• But that does not make the prediction easier on which coalition – PH or PN – will win the election. Political analysts and observers including your Editor will have their work cut out for them to predict the winning coalition.
  • In your Editor’s opinion it could well be PN may just end up as the dark horse for GE15.
  • To begin with, its slogan for GE15 is about right – ‘Prihatin, Bersih dan Stabil’ (Caring, Clean and Stable) where both the bread and butter, and abstract and institutional issues are harmoniously balanced and addressed.
  • The PN coalition is led by Bersatu President, Tan Sri Muhyiddin Yassin. No one expected him to be the future PM because that seems to be the fate of almost all former deputy PMs of Malaysia since Anwar ousted the late Ghafar Baba as the DPM during a party election.
  • Whether they were ousted, sacked or resigned from the post it never happened that such DPMs were able to make a strong comeback to become the PM including Anwar.
  • When Mahathir resigned as the PM and failed in his attempt to become the PM of a unity government, the contenders for the post when all MPs were required to inform the Agong on who their preferred PM was in late February 2020 were still Mahathir and Anwar.
  • No one seemed to think then that there could be a PM other than Mahathir or Anwar. But both failed to get the necessary minimum of 112 supports from the MPs during the interview with the King.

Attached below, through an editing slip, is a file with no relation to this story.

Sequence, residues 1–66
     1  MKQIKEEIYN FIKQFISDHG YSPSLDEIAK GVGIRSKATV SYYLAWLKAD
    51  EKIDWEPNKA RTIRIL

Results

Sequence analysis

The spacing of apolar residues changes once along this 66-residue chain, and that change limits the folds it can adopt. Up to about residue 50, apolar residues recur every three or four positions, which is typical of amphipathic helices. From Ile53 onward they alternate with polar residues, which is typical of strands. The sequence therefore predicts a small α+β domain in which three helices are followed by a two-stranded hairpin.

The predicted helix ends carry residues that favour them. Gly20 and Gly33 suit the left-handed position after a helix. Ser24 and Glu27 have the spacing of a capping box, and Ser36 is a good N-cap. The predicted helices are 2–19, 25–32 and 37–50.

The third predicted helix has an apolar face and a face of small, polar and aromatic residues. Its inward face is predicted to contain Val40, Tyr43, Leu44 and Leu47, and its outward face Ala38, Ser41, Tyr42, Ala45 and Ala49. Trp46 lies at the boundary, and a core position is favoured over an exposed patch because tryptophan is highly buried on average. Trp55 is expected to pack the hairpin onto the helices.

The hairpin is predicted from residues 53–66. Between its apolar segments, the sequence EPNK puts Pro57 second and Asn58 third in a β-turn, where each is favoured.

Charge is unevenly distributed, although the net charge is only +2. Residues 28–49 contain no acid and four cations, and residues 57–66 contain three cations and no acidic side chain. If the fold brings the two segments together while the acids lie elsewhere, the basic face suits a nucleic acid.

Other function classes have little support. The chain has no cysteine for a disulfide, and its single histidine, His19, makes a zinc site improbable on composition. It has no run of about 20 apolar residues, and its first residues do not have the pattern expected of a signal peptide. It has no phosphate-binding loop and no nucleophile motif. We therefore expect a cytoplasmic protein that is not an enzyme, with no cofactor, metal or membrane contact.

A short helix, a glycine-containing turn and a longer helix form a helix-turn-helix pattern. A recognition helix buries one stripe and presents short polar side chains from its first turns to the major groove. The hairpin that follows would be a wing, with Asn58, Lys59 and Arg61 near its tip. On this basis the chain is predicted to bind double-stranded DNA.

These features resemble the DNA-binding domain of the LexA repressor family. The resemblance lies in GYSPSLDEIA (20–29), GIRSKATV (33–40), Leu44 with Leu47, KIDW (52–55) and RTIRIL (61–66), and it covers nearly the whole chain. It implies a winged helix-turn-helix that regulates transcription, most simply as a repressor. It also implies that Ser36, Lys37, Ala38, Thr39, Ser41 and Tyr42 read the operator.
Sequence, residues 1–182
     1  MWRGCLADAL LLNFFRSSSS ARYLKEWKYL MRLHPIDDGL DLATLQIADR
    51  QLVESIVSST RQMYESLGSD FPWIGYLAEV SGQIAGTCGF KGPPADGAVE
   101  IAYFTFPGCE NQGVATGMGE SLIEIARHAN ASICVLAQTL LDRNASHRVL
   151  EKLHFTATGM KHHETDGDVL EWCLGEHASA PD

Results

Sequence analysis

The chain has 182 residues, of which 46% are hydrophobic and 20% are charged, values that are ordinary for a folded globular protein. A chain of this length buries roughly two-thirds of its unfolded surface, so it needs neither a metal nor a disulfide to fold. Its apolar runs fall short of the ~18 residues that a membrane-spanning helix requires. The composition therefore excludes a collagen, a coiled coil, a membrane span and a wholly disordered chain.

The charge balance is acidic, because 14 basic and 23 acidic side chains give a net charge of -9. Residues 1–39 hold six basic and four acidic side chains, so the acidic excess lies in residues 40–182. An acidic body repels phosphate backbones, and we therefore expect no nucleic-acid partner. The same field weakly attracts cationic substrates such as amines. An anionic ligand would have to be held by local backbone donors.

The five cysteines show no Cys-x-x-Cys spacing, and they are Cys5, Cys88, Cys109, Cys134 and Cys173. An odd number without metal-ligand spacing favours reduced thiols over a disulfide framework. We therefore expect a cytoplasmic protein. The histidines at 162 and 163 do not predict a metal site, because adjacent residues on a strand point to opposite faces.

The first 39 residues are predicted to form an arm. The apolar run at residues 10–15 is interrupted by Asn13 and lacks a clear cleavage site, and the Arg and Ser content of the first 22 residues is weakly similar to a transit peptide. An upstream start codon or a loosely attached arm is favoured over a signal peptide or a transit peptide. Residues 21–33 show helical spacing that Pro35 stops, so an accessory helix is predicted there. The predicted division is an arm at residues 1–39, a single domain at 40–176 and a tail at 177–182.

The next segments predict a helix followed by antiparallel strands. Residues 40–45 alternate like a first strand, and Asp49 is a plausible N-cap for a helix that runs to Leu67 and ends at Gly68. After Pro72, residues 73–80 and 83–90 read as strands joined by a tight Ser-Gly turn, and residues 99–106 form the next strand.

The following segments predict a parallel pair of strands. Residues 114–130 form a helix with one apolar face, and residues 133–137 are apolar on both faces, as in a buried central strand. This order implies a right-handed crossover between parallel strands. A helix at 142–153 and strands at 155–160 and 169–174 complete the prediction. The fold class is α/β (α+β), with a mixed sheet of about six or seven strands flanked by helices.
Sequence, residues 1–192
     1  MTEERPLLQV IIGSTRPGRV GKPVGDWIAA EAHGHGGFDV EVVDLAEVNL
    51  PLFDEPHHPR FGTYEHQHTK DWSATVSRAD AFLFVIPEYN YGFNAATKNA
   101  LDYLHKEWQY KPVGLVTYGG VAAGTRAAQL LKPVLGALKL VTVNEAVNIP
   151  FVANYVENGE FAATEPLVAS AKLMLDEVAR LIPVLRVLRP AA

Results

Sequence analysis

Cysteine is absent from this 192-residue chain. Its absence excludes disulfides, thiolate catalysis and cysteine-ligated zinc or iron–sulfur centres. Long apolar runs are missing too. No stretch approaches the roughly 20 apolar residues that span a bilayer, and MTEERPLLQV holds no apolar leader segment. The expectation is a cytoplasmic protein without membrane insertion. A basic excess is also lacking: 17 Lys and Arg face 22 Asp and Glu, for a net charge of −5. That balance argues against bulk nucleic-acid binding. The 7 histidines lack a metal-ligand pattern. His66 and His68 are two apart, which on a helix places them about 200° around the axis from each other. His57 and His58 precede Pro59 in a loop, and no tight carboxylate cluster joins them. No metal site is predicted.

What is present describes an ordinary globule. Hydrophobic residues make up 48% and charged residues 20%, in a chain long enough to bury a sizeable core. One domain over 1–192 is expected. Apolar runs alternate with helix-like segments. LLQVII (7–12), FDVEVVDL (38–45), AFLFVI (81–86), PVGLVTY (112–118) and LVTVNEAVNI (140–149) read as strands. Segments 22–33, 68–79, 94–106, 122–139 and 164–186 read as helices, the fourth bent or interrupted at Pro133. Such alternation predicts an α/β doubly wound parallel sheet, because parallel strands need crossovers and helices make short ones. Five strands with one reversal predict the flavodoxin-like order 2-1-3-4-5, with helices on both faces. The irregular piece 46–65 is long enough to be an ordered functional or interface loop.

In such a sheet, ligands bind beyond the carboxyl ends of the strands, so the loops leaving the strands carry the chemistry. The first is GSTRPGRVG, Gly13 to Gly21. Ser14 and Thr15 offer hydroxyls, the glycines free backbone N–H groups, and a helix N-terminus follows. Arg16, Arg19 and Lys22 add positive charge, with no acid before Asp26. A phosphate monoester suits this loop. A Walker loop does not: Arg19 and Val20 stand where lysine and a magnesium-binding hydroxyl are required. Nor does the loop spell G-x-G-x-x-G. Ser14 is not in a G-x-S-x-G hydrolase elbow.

• Out of the blue later, Muhyiddin became the dark horse who went on to become the 8th PM of Malaysia with the support of MPs from PAS, Umno, 11 MPs from PKR and GPS of Sarawak, a total of some 117 support according to some account.
  • Can history be repeated in GE15 when PN, which some analysts had predicted will wither away after GE15 becomes the dark horse that will win GE15?
  • PN came into power at the time when Malaysia and the world were facing a scourge – the Covid-19 pandemic.
  • About two weeks into power, Muhyiddin made a firm and bold decision to introduce the movement control order (MCO), which helped the country a lot in containing the daily infectious and death figures so much so that by early June 2020, the situation improved dramatically, and Malaysia was hailed internationally as good example of having good public health policies in countering a pandemic.
  • Although the lockdown led to hardship for the people and the business community, encapsulated then in the famous trade-off between life and livelihood, it was somewhat mollified by a generous biggest economic stimulus package of all time ever dished out by a Malaysian PM to the tune of RM250 billion in March 2020 that benefits all citizens.